If the Republican Party had its own Mt. Rushmore, that mountain would have three faces: Abraham Lincoln, Teddy Roosevelt, and Ronald Reagan. The goal of every Republican candidate should be to become the fourth face on that mountain. To do so would mean not only winning an election, it would mean having an impactful presidency that shapes the arc of American history.
Unfortunately, instead of building on the legacies of those three presidents, today’s GOP hopefuls are tearing them down.
Yet, what does today’s GOP do with that that legacy? They seek to curtail it. One common tactic is to require identification at the voting polls, an unnecessary and offensive tactic that hinders voter participation rather than facilitates it. The non-partisan Brennan Center of Justice estimates that it is nearly impossible for about 10-11 percent of the people – mostly minority, elderly, and poor – to acquire such identification, thereby disenfranchising a large swath of our fellow citizens who are eligible to vote.
Today’s Republicans seek to narrow the pool of eligible voters in myriad ways. Sen. Ted CruzTed CruzFunding bill rejected as shutdown nears Cruz: Clinton 'tired' and 'formulaic' during debate The Trail 2016: Fight night MORE (Texas) sought to amend the National Voter Registration Act to allow states to require proof of citizenship before voting in federal elections. (No sense of irony, that one.) Jeb Bush purged thousands of eligible voters from Florida’s voting rolls in 2000 – and tried again in 2004 – and announced his support for voter ID requirements in his book, Immigration Wars.
Each of these candidates claims their efforts are needed in order to combat voter fraud. To wit, Donald TrumpDonald TrumpMichelle Obama featured in new Clinton ad Trump camp: Dean 'went straight to the gutter' Arizona newspaper endorses Dem for president for first time MORE has said “this voting system is out of control” and people are “voting many, many times.” This is fiction. As reported in the Washington Post in 2014, “[T]here is overwhelming scholarly and legal consensus that voter fraud is vanishingly rare, and in fact non-existent at the levels imagined by voter ID proponents.”
It’s not just Lincoln’s stony face that is being blasted off the mountain. Teddy Roosevelt’s legacy is anathema to today’s GOP. Roosevelt advocated for consumers and believed in sensible regulation of industry. When tainted food products were harming the public, he fought to pass the Pure Food and Drug Act and the Meat Inspection Act, and signed both bills into the law the same year. On the issue of the environment, he earned the moniker “conservation president” for creating the U.S. Forest Service and safeguarding 230 million acres of public land through the American Antiquities Act.
Teddy’s efforts would be described by today’s Republicans as meddling in the free market. On food safety, Republicans in Congress have passed bills to allow meat processors to remove country-of-origin labels from products sold in the U.S. and allow states to forgo labeling of GMOs on food products. Rather than support efforts to curb carbon pollution from tainting air quality, they vote to block the EPA and tie its hands with policy riders. When, in 2015, President Obama used the Antiquities Act to create three national monuments in California, Nevada and Texas, the GOP chairman of the House Natural Resources Committee called it “shameful” and “bull crap.” He didn’t mean “Bull Moose.”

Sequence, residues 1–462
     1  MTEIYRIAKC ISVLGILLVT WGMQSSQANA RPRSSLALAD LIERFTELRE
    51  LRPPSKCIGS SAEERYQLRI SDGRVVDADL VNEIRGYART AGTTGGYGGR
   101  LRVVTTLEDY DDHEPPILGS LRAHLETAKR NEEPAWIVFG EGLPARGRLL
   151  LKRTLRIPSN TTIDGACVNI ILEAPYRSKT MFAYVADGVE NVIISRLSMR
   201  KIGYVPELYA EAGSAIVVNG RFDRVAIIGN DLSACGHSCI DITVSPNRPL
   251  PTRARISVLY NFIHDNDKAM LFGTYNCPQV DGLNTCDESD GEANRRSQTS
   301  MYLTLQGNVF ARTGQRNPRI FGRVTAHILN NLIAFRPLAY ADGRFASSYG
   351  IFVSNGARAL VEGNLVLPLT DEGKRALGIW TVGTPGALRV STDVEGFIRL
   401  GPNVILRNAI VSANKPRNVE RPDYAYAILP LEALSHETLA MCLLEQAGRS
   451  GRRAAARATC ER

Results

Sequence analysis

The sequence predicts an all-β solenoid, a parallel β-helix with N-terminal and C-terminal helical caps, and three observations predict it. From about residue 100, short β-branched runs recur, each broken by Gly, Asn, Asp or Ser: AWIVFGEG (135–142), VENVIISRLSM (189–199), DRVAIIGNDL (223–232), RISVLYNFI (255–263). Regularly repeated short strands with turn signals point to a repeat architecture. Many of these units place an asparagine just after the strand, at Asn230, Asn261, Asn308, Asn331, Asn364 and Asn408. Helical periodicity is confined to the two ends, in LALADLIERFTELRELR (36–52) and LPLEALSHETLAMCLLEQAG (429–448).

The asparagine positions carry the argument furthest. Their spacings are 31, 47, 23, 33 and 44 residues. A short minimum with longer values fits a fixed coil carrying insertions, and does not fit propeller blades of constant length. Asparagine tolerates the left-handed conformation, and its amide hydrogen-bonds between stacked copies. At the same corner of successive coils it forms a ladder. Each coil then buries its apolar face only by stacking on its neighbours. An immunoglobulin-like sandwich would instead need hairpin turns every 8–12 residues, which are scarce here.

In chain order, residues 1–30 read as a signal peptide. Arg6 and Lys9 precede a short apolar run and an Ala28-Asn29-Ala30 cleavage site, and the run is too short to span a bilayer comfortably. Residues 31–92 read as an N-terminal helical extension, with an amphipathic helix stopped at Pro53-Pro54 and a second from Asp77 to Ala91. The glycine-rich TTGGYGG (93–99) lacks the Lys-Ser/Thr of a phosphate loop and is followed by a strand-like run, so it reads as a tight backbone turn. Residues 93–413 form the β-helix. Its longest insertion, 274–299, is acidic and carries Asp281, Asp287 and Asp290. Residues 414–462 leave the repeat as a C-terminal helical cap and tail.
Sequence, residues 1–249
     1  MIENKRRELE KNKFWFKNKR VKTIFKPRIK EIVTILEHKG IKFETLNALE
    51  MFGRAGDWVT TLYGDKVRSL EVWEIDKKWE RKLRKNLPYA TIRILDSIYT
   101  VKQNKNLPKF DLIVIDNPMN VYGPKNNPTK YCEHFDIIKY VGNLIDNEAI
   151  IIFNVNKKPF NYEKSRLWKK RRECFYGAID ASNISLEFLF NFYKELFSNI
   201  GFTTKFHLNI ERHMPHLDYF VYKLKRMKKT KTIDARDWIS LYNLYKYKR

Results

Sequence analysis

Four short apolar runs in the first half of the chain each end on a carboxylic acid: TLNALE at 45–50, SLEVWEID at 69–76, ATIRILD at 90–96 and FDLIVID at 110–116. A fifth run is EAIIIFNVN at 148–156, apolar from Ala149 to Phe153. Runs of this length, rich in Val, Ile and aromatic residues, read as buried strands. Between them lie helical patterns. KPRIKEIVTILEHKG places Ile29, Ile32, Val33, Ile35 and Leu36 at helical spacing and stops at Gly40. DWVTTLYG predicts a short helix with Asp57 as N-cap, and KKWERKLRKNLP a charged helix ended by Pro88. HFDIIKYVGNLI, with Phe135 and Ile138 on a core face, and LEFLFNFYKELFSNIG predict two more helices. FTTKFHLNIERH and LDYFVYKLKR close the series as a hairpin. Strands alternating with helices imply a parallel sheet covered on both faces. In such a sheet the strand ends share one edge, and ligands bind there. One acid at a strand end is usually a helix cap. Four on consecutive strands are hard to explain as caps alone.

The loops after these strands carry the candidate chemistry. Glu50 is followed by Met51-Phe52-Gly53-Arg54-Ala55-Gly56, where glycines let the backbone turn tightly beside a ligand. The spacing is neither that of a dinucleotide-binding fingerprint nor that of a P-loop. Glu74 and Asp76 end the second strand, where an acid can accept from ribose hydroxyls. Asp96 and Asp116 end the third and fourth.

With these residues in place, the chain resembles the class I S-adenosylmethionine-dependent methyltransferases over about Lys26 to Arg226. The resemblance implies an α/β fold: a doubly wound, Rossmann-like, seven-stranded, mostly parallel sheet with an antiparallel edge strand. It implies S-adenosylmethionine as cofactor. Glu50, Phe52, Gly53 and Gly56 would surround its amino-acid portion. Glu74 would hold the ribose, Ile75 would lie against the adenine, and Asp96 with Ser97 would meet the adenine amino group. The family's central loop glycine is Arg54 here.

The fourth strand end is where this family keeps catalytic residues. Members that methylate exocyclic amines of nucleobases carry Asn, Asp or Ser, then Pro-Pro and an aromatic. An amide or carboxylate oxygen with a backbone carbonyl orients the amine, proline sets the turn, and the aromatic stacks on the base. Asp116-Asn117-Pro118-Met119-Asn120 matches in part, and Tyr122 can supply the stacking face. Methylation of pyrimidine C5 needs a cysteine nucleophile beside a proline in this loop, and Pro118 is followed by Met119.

And lastly, there is Reagan. Surely his face would remain, no?
Yes, perhaps it would. Reagan’s belief in tax cuts and devolution remain foundational policies within the modern GOP, and his support for robust military spending is still the Republican norm. But on an issue that is central to our country’s history and identity – immigration – Reagan’s legacy is threatened.
Reagan welcomed immigrants to our country. He recognized their “fervent love of freedom and a special kind of courage, the courage to uproot themselves and their families, travel great distances to a foreign shore and build there a new world of peace and freedom.” He focused not on differences, but on similarities: “We are bound together because, like them, we too dare to hope.”
Reagan believed that bringing undocumented immigrants out of the shadows, instead of rounding them up and deporting them, was humane and sensible. In 1986, upon signing the Immigration Reform and Control Act, he said, “Very soon many of these men and women will be able to step into the sunlight and, ultimately, if they choose, they may become Americans.”
Today’s Republican aspirants are photographic negatives of this stance. Donald Trump has called for applying a religious test on immigration so that all Muslims would be banned from entering the United States. With typical panache, he has called for building a “big, beautiful wall” to keep out Mexicans – who he has described as “criminals” and “rapists.” Cruz, Sen. Marco RubioMarco RubioObama nominates ambassador to Cuba Rubio praises Marlins pitcher José Fernández on Senate floor Glenn Beck: I was wrong about Ted Cruz MORE (Fla.), and Ben Carson all either outright oppose or make obvious attempts to avoid supporting an earned path to citizenship for undocumented immigrants, which is often intentionally mislabeled “amnesty.” Theirs is not Reagan’s vision of America.
President’s Day is when we pause to reflect on two of our greatest presidents, Washington and Lincoln, and hopefully, think about what we want in our next one. I hope every candidate, from both parties, is aiming to put their face on the real Mt. Rushmore.
The legacies of those on the “Republican Rushmore” should be preserved by today’s GOP, not savaged. Honest Abe, TR, and the Gipper are worth it.
Papa runs the Washington Office of Global Strategy Group and served in the Obama White House as special assistant to the President for Legislative Affairs.